Forests

Forests are critical to the health of the Chesapeake Bay—but human activities have altered the region’s forests, reducing tree cover and fragmenting forests that still exist.

FAQ

Terms

  • Attenuation

    The process by which forests reduce the amount of pollutants in the air.

  • Canopy

    The top layer of a forest. The canopy shades and protects the plants and animals below it, while intercepting and slowing rainfall.

  • Deforestation

    The removal of a forest, woodland or stand of trees without adequate replanting or natural regeneration.

  • Erosion

    The disruption or movement of soil by wind, water or ice, occurring naturally or as a result of land use practices.

  • Forest fragmentation

    A form of habitat fragmentation occurring when large patches of forest are cut down in a manner that leaves smaller patches of trees standing. Forest fragmentation can be caused by wildfires or by the intentional clearing of trees to make room for roads and development, and can make it difficult for some species to breed or find food.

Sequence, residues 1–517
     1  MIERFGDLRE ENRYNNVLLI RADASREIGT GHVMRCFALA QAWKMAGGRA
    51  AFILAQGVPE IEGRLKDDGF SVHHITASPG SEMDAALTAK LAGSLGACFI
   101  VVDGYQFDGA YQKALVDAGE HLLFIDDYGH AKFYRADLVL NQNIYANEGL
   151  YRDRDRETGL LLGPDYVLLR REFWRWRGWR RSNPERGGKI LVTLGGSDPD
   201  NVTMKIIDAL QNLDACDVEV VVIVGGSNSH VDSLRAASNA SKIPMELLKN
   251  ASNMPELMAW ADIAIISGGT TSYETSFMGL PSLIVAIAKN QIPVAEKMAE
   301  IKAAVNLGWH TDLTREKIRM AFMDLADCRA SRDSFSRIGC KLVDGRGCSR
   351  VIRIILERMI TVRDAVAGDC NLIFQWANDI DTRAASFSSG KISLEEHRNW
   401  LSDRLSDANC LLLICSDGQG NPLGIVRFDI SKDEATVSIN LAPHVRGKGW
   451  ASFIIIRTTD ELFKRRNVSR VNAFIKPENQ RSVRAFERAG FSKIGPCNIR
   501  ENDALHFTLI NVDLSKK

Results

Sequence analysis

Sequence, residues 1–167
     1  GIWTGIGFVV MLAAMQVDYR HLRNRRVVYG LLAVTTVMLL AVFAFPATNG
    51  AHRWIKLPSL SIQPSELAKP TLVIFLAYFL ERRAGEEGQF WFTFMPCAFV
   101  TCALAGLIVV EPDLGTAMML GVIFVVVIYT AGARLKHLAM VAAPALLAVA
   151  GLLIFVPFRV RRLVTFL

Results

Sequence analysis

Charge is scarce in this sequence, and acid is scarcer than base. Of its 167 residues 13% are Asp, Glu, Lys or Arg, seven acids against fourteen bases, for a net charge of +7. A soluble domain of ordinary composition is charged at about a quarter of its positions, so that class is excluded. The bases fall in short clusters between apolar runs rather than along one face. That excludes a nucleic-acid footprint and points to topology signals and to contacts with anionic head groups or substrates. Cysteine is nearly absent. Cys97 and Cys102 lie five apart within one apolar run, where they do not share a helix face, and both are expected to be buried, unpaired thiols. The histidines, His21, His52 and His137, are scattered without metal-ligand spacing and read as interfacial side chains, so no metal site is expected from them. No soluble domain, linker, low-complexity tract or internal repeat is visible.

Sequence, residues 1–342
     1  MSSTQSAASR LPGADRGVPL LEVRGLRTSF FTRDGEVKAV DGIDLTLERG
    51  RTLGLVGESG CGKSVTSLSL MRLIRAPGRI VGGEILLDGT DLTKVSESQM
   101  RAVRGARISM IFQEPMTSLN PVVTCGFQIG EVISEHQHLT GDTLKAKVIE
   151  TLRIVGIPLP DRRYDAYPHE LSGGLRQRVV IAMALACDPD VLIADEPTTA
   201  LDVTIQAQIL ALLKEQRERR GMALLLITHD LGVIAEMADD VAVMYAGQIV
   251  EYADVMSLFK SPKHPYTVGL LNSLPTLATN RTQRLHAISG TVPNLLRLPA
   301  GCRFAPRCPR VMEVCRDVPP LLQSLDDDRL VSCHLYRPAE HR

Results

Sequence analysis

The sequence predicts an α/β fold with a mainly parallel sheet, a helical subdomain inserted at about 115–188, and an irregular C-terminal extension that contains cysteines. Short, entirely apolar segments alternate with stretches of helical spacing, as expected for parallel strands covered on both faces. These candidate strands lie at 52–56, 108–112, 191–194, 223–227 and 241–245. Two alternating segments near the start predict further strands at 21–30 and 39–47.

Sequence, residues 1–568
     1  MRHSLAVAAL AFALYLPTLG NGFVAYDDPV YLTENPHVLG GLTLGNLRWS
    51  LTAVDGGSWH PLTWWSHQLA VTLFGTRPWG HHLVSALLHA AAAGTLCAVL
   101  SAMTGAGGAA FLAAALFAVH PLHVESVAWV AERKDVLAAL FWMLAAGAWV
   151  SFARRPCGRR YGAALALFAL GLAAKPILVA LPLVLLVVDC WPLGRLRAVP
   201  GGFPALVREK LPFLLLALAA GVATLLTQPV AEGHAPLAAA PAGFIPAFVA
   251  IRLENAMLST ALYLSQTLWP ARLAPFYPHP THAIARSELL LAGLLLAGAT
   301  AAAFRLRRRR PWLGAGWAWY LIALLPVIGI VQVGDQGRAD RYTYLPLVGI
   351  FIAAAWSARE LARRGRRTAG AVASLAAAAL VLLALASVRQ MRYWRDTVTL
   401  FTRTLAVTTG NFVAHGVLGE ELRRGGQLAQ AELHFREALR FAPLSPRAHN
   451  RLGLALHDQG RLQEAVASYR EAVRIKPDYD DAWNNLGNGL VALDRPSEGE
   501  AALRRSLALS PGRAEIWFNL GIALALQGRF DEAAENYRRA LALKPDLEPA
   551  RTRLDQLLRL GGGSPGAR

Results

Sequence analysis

• Forest parcelization

    The division and sale of privately owned forestland into smaller pieces owned by more landowners.

  • Forest-interior species

    Species that tend to avoid edge habitats and that require large tracts of forest habitat for nesting and foraging.

  • Riparian forest buffers

    Trees, shrubs and other vegetation located along the edge of rivers, streams and other waterways that filter pollution, prevent erosion and provide wildlife habitat.

  • Understory

    The layer of forest located underneath the canopy. Here, smaller trees and shrubs grow, replacing older trees as they die.

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